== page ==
Leon, Nicaragua

León, Nicaragua

After the comfort of traveling through Guatemala with an organized group I’m once again solo and venturing deeper into Central America. I hop off the bus directly into the streets of Leon with no accommodations planned or itinerary set. Knowing almost nothing about the city I arrive without expectations and am ready to explore what it has to offer.

Leon was one of the very first Spanish colonial cities built on the continent; and is also Nicaragua’s second largest city. After a day of wandering around the city aimlessly my first impression was that I wasn’t feeling it. This is a gritty city – a far different experience than previous colonial cities I’d visited. It’s hot and humid, the stench of garbage permeates throughout the streets, and missing limbs are not an uncommon sight. The street food while cheap, was bland and tasteless.

With time to kill I tried to reserve judgement beyond the initial impressions. While few and far between I discovered Leon does in fact have some redeeming qualities.

Leon, Nicaragua


The Food

This is no foodie’s paradise. While cheap, most of the street food was bland and tasteless. Sure, a $1.50 for a large burger sounds like steal.. but in this case you get what you pay for. Budget-friendly restaurants were plentiful but hardly an improvement. There is international cuisine to be sampled but I chose to forgo any expensive meals.

A diamond in the rough?
There is one local eatery that stood out far above the rest and actually managed to satisfy my insatiable apetite for deliciously sweet baked  treats. Pan Y Paz – located a short walk from the city center is a small french bakery that trumps anything I tasted in Central America. Pan Y Paz quickly became a daily pit-stop for me and my hungry belly – If you’re visiting Leon this one is a no-brainer.

León, Nicaragua


Things to do in León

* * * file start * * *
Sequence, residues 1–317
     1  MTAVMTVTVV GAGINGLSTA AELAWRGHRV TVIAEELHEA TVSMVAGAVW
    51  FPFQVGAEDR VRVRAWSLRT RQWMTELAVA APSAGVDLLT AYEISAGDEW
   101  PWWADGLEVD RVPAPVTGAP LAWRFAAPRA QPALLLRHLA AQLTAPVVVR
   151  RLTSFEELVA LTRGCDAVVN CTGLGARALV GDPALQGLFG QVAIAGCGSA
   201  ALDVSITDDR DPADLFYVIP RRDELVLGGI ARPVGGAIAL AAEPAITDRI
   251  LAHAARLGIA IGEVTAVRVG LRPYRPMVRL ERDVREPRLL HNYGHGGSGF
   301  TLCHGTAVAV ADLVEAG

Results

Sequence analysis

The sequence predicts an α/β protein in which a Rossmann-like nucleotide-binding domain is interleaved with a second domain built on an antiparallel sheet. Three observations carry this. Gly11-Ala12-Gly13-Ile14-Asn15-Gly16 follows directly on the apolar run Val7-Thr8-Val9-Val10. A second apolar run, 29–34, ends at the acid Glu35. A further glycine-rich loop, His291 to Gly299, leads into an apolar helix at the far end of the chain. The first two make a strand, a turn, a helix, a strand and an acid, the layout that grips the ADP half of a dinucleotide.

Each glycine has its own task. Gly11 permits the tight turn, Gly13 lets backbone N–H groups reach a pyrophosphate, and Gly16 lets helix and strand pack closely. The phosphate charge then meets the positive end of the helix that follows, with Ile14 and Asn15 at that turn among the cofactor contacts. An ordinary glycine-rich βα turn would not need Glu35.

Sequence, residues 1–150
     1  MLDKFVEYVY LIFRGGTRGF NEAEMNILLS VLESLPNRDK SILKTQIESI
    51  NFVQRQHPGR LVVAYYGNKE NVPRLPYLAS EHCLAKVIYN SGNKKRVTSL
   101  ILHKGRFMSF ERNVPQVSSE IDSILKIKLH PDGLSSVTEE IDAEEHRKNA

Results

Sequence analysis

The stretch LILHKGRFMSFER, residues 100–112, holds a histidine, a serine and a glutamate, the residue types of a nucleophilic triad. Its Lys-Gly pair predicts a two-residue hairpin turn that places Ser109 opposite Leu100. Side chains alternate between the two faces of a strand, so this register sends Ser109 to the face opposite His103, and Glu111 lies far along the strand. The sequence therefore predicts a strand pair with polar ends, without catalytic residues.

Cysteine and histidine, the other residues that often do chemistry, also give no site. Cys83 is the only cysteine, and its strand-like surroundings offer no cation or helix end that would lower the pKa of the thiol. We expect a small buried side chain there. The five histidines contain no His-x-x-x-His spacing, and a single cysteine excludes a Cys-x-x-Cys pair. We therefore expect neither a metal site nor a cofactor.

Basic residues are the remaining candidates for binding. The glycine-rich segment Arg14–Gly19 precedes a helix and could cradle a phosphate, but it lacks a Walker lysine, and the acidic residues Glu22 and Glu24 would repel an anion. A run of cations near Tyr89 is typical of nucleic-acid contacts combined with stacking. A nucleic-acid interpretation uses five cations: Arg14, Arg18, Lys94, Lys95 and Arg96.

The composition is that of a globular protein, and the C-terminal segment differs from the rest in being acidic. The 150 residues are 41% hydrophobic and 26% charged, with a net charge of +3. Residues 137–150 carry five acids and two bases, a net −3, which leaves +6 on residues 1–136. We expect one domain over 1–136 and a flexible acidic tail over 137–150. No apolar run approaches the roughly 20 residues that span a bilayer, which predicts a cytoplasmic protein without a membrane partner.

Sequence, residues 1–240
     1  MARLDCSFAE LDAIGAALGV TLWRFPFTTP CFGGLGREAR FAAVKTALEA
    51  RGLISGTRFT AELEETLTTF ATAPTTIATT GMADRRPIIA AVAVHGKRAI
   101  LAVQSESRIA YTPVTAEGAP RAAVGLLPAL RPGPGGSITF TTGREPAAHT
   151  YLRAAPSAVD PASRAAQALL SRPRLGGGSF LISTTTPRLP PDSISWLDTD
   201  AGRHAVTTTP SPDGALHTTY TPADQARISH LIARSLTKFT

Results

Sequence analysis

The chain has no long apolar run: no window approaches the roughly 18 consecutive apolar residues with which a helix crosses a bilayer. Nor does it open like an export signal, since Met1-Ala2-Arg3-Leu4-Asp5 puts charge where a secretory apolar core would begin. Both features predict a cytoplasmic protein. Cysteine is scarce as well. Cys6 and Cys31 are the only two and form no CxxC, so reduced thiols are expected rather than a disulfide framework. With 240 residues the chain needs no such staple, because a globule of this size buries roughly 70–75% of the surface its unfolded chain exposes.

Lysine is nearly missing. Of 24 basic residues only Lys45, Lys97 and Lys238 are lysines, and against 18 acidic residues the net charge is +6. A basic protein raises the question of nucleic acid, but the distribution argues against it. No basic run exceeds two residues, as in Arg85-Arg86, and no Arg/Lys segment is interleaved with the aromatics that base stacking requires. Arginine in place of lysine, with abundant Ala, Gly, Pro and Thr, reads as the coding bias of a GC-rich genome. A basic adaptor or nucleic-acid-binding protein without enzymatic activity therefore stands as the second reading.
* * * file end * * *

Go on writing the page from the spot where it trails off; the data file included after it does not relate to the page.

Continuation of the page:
Tour agencies are nearly as plentiful as hostels in León. They offer numerous adventures, volcanoes to hike, overnight camping trips, sea turtle watching and more. I was sure what the city lacked in charm would be made up for with nearby excursions.  To my surprise no matter how many agencies I walked into there were never any tours going on other than the famous Cerro Negro ‘volcano boarding.’

Tip: Quetzal Trekkers is a non-profit that offers volcano hikes to raise money for projects that help local at-risk children, a friend I met spoke highly of them for those looking for some outdoors time.

The lack of tours left plenty of time for exploring the streets. Beautifully aged colonial churches are dotted all across the city and make for good sightseeing. Lion statues and street shopping are plentiful as well. After meeting a few fellow backpackers in the park we went beyond the crowded city center and were soon getting odd looks from locals and accosted by drunks who weren’t shy about begging for money. Although we weren’t threatened I wouldn’t advise venturing too far off the beaten path alone or with any noticeable valuables.


Colonial Church in Leon


Where to Stay?

Hostels are as plentiful in Leon as churches (there’s a lot) and you would have little trouble finding a room without reservations. Two of the most popular are Hostel Colibri and Bigfoot Hostel. I stayed at Colibri for 2 nights but found the heat and humidity unbearable. Luxury hotels are scarce but I enjoyed the sanctuary of Hotel El Convento when A/C was no longer a convenience but a requirement. See my review of both – hostel and hotel here.


Goodbye León!

Without any tours available Leon can be seen in 1-3 days depending on how much time you can stand sweating your way across town. While it has a storied history and unique architecture the rest of Nicaragua has much more to offer.